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I really hope that this is doable in QuickBase so I don't have to junk up the Persons table with a fixed number of addresses and phone numbers.

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Joe

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Posted 5 years ago

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This can be done in native QB, but not for an unlimited number of child records. The game here is to bring data in a reverse direction up from the child to populate the parent record.


Bringing up the first child record is fairly easy. One assumes that you have that Relationship set up between parents and children.

1. Create a Summary field of the Minimum of the Record ID# of the children. Call it [Minimum Record ID#1]


2. Create a new reverse relationship where one Child is related to many parents, and the common field is that [Minimum Record ID# 1] of Child (now available on the Parent Record, and the record ID of the Child.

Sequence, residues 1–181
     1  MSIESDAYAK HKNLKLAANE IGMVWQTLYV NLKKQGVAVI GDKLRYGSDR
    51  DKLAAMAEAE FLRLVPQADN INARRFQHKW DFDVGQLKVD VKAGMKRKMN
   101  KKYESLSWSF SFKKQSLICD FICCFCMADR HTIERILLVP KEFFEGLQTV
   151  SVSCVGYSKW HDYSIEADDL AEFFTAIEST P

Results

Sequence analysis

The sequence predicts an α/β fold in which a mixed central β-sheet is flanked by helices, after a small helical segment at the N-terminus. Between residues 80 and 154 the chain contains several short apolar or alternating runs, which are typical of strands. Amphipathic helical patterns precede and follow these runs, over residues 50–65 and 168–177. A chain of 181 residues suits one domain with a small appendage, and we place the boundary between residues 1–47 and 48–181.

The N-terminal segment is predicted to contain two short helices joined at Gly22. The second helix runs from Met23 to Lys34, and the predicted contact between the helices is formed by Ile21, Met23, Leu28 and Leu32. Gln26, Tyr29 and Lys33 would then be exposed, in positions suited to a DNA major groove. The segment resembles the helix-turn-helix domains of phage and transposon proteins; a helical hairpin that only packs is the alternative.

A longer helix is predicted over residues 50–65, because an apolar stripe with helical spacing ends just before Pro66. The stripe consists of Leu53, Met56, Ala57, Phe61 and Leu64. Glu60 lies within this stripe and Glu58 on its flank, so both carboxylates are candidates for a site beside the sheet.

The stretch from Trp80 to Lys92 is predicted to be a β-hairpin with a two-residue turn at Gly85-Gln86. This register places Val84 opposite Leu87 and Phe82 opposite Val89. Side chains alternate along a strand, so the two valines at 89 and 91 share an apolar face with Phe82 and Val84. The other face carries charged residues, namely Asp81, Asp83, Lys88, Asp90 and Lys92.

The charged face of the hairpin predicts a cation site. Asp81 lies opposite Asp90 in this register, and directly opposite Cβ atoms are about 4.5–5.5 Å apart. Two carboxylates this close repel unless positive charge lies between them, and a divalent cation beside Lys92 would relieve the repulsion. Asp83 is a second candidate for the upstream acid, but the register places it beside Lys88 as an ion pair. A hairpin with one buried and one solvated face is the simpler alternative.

3. Bring in the Lookup fields that you want to bring up to the parent.

So, you get yourself that far and satisfy yourself that you have accomplished the entry level diploma in reverse relationships 101.

Now for the 202 course.

Bring that [Minimum Record ID# 1] back down to the child record in a lookup for your original (normal) relationship.

Now copy the field [Minimum Record ID# 1] and call it [Minimum Record ID# 2], but set a filter where the record ID# is greater than the value in the field [Minimum Record ID# 1]. YOu will find that in making the copy of that field, it conveniently also make a new relationship for you. bring down any lookup fields you need.